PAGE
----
By The Washington Post · Emily Giambalvo · SPORTS, FOOTBALL
An offensive lineman tweeted a picture of his perfectly made bed and the pool he cleaned that day. He included his daily schedule: wake up at 8 a.m., breakfast, four online classes, lunch, offensive meetings. A newly enrolled linebacker posted a video praising his teammate's competitiveness. Another lineman shared his healthy breakfast.
"Oh, I love it," Maryland strength coach Ryan Davis said of a photo showing a player washing dishes. "That would fall under an act of service or gratitude. Not expecting someone else to do the dirty work for you."
These posts are the public face of a program-wide contest, with the players split into teams and earning points for acts of this sort. It also has become reassurance for the coaches as they trust their players to make the right choices while far from the football facility, where their daily lives usually find structure.
In January, players designated as general managers drafted their teams, and the teams earned points through the offseason. Players work to improve their individual competitive score, which eventually turns into a report card-like profile on their lockers that shows progress toward goals. But with no in-person interaction between the players and staff members since early March, the visual evidence of those habits has migrated to social media - and might have increased in importance, too.
"This is what I've been telling our team," said Davis, the director of football strength and conditioning. "The best players you're going to see this year when you turn on the TV are going to be those who were mentally tough and mentally disciplined through this time."
The team has a break between the end of the season and the start of winter conditioning, but strength coaches rarely go long stretches without interacting with players. Coach Michael Locksley said those staffers are "the nuts and bolts of ... what your team is made of."
Usually, the players would practice three times per week in April, attending meetings with their position groups and eating some meals with their coaches and teammates. On days without practice, they would train with the strength staff. The academic support staff is in the team facility, too.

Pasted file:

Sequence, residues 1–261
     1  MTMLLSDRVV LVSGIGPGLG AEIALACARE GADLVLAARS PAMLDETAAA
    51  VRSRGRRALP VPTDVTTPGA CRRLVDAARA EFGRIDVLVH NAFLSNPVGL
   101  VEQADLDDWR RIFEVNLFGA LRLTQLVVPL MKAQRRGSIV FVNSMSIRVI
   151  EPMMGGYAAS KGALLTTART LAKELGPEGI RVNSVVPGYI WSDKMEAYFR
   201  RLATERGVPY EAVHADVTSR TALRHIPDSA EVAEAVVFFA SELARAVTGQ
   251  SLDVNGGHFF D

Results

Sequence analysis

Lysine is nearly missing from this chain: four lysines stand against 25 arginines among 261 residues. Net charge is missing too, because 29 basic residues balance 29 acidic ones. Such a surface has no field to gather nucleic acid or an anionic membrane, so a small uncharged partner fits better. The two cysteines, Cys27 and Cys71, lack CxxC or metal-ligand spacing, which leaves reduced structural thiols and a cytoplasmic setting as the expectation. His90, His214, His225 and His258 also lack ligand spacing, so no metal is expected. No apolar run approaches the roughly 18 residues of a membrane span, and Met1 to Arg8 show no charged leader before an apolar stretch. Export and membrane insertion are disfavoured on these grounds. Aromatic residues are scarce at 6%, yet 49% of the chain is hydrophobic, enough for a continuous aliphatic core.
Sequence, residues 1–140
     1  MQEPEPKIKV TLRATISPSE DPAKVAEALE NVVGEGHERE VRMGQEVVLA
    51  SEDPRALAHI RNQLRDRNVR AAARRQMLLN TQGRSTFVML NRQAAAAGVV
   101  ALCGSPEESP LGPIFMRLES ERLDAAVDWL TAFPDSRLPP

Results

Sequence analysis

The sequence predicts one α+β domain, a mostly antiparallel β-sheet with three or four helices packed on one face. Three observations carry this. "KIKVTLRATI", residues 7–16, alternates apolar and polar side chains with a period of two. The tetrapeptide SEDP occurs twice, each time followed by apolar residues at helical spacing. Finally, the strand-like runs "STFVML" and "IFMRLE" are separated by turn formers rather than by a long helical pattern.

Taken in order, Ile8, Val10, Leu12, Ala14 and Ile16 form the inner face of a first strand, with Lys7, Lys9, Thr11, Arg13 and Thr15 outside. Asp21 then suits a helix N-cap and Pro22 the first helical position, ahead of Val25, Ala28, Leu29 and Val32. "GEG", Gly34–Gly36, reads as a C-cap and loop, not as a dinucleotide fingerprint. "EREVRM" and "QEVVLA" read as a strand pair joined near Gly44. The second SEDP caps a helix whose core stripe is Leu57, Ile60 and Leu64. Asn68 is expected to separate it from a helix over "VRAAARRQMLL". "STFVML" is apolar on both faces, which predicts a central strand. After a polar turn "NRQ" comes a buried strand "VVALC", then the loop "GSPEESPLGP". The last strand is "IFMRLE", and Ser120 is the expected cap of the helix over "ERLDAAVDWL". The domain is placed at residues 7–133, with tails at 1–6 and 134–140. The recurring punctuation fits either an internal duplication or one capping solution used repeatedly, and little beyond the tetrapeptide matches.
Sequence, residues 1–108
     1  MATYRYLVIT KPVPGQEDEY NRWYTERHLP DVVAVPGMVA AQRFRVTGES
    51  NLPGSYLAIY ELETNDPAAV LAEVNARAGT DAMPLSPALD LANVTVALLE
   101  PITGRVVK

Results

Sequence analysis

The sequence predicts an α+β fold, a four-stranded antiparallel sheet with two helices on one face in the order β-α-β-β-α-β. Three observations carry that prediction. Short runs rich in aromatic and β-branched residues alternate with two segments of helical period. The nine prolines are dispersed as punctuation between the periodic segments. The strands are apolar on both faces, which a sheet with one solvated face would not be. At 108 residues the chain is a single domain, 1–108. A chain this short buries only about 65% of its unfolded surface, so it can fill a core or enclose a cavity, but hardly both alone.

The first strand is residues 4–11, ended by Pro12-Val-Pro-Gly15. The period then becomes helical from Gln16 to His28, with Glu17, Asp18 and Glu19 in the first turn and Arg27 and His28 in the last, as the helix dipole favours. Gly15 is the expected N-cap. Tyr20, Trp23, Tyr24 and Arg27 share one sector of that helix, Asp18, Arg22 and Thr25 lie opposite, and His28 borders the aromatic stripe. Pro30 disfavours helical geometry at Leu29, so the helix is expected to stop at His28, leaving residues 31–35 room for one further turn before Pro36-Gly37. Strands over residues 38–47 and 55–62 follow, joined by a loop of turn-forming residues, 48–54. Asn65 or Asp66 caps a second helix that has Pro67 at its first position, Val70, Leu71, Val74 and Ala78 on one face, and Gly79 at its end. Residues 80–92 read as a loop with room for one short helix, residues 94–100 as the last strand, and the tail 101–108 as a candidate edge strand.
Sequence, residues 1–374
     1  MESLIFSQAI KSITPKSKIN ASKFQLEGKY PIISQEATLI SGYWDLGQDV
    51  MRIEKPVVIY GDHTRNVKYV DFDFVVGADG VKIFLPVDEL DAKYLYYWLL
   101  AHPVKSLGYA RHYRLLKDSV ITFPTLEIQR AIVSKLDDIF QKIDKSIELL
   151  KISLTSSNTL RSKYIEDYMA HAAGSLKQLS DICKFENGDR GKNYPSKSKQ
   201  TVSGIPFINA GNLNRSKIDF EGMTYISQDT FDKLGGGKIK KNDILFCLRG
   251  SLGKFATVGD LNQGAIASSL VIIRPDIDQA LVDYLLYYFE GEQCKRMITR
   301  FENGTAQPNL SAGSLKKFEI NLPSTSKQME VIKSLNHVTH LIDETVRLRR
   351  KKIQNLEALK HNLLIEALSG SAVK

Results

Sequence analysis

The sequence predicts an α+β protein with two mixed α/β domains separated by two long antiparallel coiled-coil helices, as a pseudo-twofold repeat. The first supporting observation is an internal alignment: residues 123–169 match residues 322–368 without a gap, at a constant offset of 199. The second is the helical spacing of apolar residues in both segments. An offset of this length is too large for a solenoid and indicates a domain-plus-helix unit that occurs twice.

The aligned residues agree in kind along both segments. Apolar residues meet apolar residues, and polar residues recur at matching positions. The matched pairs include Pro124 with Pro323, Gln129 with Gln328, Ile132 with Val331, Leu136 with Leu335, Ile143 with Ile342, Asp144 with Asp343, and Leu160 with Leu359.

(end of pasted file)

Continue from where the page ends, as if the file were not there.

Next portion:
But with organized team activities prohibited by the Big Ten, the players could only meet virtually and will return for meetings for a couple more weeks beginning May 20. Davis and other members of the strength staff post daily workout plans on social media, but the staff can't host group video calls for the team to work out together. They can only send those suggestions through an app with videos attached.
"The relationships that you've established during the offseason and during those other times, it's really going to be under fire right now," Davis said. "If you did what you're supposed to do, you really have those relationships and those connections with the guys, (and) you're not going to have a problem with them working."
For Davis, it helps when a player shares his work, such as defensive lineman Anthony Booker Jr. sprinting up a hill, because it encourages his teammates to show the same effort. Marcus Finger, an offensive lineman, recently tweeted a video of him doing squats with a pig on his shoulders, and teammates chimed in with jokes.
After Maryland canceled in-person classes, the football program sent questionnaires to the players as they headed home. The survey asked players where they planned to stay, which parents or guardians would be with them, whether they had Internet access and what training equipment was available. With that information, Maryland could distribute care packages to ensure players had what they needed.
What's missing is that daily contact, the impossible-to-replicate interaction during meals, in the hallways and on the field. Davis wants a member of the strength staff to communicate with each player every day. It can be through FaceTime, text or even Instagram direct messages. The staffers mark which players they have heard from on a spreadsheet they share.
Sometimes those conversations unearth important information. Maybe a player's mom was furloughed or an early enrollee needs encouragement after he gave up his final semester of high school for spring practices that were canceled. In those instances, Davis might give that player another FaceTime call and then pass the information to the coaches at the all-staff morning meetings.
Davis's routine has remained relatively unchanged, and that consistency is what he preaches to his players. Davis still starts his day at 4:30 a.m. He attends a men's group on Zoom at 5:30. He meets with his staffers, then with the entire football staff. He works out in the afternoon, and players, who have learned his schedule, will FaceTime him then. ("Sometimes they just want to see that you're working, too," Davis said.) Four days per week, he sets aside an hour to talk with an intern in his field who's trying to work his way up. Then, in the evening and usually while cooking barbecue, he starts calling players.
Davis reminds the players of the difference between options, such as picking what color shirt to wear, and choices, which have consequences and often lead to behaviors. Maintaining those habits is how he hopes the players will navigate this time away from one another.
The Terps' staff members, Davis said, might be hoarse when they return to in-person coaching. But it will be a welcome reprieve; he has spent the past few months gaining an appreciation for moments that had, until recently, been a routine part of his life.
"I don't think any of us have ever taken for granted the job that we get to do every day," Davis said. "I really don't. We absolutely love having the privilege to coach and do what we do with these guys, but it is a challenge when you don't see them."